Med thumb gretchen and jimmy in bed

We’ve reached the season-two final stretch of You’re the Worst, FX’s anti-rom-com about two purportedly undateable LA cynics who fall into a functional relationship, despite their best attempts to sink it. Gretchen, a publicist and sometimes garbage person who likes drugs and dog videos, and Jimmy, a British writer-slash-misanthrope, are revolted at the prospect of normalcy. But, at this point, they are as much a real — and in some ways really traditional — couple as any twosome posting “Bae caught me sleepin” selfies or “she said yes!” Vines. (Not that they would. Ever. Those, actually, are the worst.)

If any trope showcases the essence of Jimmy and Gretchen’s relationship, it’s the recurring scenes of them chatting in bed. This week — an exquisite episode in which Gretchen reveals her clinical depression — featured one of the best in-bed discussions yet. Not only did the scene reinforce the easy affection underlying the couple’s dynamic; it also served as a PSA for a message that, in my mind, always bears repeating: No one’s dreams are trippier or funnier than the crackpot entrails of anyone else’s subconscious.

The episode opens with Gretchen and Jimmy in bed on a Sunday morning. Gretchen is awake, texting. Jimmy is asleep, snug in his sleep apnea mask and finishing off a dream.

jimmy cpap

Here's the episode's opening dialogue:  

Jimmy: Oh damn it. You’re you. I was having the most amazing dream where you were you but also you were Janis Joplin, and now you’re just you.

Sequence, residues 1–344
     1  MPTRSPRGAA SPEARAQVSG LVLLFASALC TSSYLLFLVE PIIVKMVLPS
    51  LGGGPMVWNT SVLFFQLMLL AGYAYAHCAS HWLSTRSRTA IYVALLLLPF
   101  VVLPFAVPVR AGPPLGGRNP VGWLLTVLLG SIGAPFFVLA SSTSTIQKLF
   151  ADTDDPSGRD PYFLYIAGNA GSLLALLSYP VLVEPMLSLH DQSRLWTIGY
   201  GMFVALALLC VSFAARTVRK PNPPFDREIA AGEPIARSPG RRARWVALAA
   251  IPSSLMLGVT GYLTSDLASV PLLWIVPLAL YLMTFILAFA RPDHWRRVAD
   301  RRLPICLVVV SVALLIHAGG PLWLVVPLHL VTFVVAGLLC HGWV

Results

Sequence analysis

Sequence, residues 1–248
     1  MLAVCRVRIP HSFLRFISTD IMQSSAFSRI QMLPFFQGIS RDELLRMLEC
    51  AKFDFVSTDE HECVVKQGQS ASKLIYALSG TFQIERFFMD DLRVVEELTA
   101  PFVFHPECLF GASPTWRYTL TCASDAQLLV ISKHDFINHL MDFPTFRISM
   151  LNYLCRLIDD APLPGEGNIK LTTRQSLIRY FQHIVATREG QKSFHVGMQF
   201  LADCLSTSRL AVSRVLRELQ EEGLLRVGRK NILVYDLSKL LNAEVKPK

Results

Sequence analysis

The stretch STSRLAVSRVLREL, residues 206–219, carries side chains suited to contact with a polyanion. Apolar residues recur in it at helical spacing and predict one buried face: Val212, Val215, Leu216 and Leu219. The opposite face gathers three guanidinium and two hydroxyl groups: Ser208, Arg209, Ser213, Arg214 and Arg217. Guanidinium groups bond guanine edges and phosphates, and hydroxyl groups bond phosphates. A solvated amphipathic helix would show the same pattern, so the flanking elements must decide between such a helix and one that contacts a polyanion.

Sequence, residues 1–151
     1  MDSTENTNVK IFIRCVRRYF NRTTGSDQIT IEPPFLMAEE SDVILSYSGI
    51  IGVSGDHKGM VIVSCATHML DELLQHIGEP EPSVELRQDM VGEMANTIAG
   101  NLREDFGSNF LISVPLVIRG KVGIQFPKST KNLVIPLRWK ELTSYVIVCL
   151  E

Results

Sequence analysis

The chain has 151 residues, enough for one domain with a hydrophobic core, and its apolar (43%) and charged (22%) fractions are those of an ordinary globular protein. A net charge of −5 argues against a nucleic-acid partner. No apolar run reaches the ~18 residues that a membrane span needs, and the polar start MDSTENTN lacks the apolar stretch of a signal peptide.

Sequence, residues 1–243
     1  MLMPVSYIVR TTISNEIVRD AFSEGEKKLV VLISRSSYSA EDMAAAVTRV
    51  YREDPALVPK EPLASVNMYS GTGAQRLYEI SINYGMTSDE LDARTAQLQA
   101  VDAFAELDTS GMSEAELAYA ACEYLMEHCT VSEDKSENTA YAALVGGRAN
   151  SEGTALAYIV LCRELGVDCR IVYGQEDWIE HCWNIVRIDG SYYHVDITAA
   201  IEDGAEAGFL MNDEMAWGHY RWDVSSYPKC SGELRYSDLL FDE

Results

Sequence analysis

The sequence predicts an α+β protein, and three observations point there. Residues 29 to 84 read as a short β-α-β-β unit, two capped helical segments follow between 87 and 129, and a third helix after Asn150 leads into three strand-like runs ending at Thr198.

Gretchen: You’re sexually attracted to Janis Joplin?

Jimmy: I don’t know. That is a bit concerning. Anyway, you, Janis and me, and my year-four teacher Mr. Frier, were on a road trip —

Gretchen: — Noooope.

Jimmy: What?

Gretchen: No dreams.

Jimmy: No, that’s for other people. My dreams are amazing...Fine, then you’re not allowed to talk about random dogs you see.

Gretchen: What if he’s a little cowboy wearing a bandana?

Jimmy’s sleep apnea mask first showed up in the pilot, during what both characters insisted was a debaucherous one-night stand. They swapped all the embarrassing stories, tried all the positions and blew all the lines they could in a single night. Then, they retreated to Jimmy’s bed, where Gretchen laughed off Jimmy’s attempt to kick her out, and Jimmy tried to scare her off with the CPAP machine he wears for breathing.

Seventeen episodes later, their bedtime back-and-forths carry the same tone: falsely acerbic and teeming with endearment. But now, when Gretchen does leave Jimmy’s bed (to cry in her car, he discovers), he follows her.

gretchen leaving bed